Since then, the mapping of the world’s species has continued and the warnings have increased. In the World Wide Fund for Nature’s (WWF) latest report “Living Planet 2022”, it is stated that populations of wild vertebrates – mammals, fish, birds, amphibians and reptiles – have declined by an average of 69 percent from 1970 to 2018.
The last time a mass extinction took place was 65 million years ago. By all accounts, then, an asteroid impact and its consequences were behind the disappearance of 75 percent of all life on the planet, including all the dinosaurs.
– Today, threats come from several directions at the same time. But the biggest damage, both in more recent history and up to today, is man’s overuse of the earth’s resources, says Henrik Smith.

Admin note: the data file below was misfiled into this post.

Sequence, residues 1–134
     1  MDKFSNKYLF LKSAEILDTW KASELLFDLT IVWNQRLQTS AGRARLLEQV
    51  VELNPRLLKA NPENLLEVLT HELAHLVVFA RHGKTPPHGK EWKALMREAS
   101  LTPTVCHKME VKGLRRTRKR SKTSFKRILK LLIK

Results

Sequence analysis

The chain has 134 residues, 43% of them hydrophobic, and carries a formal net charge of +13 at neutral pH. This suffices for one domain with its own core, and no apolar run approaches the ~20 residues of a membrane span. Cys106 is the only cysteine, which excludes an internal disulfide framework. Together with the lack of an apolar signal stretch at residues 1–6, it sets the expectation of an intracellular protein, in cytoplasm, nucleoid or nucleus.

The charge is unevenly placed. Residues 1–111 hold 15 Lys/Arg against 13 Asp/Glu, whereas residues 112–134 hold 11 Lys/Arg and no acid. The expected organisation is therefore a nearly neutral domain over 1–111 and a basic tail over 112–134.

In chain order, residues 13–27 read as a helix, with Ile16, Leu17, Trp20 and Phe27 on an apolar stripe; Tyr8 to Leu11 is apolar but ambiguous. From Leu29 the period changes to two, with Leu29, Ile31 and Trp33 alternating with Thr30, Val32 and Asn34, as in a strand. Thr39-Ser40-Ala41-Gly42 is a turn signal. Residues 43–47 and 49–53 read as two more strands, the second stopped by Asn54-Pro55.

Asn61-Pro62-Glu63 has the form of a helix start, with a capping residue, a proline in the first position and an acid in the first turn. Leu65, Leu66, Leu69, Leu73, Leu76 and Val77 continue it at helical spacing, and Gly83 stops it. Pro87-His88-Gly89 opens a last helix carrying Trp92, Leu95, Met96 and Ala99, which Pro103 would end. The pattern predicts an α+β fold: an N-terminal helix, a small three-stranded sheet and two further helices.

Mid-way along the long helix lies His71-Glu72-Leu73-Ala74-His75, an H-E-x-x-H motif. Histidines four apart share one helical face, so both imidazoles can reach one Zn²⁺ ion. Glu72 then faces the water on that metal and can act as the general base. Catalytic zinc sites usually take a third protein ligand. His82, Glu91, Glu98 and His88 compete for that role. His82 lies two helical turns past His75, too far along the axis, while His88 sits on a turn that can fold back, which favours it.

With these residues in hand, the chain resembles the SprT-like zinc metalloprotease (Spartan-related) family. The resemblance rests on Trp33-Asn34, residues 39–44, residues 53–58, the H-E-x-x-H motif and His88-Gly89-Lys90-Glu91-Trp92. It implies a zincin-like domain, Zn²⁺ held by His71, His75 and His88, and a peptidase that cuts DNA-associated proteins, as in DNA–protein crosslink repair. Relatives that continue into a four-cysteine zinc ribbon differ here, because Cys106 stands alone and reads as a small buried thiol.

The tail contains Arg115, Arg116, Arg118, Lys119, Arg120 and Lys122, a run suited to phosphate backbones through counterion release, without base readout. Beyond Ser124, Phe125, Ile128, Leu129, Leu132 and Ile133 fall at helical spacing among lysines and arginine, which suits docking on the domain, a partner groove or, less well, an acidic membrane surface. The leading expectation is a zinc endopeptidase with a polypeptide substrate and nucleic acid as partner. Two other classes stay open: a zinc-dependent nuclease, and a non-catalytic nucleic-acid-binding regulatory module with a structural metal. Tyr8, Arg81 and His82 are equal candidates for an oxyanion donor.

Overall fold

– Deforestation is a central cause of the loss of biodiversity, he says.
Specialists will be hardest hit
Deforestation is greatest in warm and tropical areas with very untouched nature. In addition to a high density of biological diversity, there are also more unusual species that often require a specific environment and food to survive, so-called specialists. As their habitat shrinks, the unique but important species are slowly but surely disappearing.
In a future and more gloomy existence, they have to bow down to more adaptable animals such as the rat, the raccoon and the cockroach. What the chain effects will be from a scenario without diversity is difficult to overview.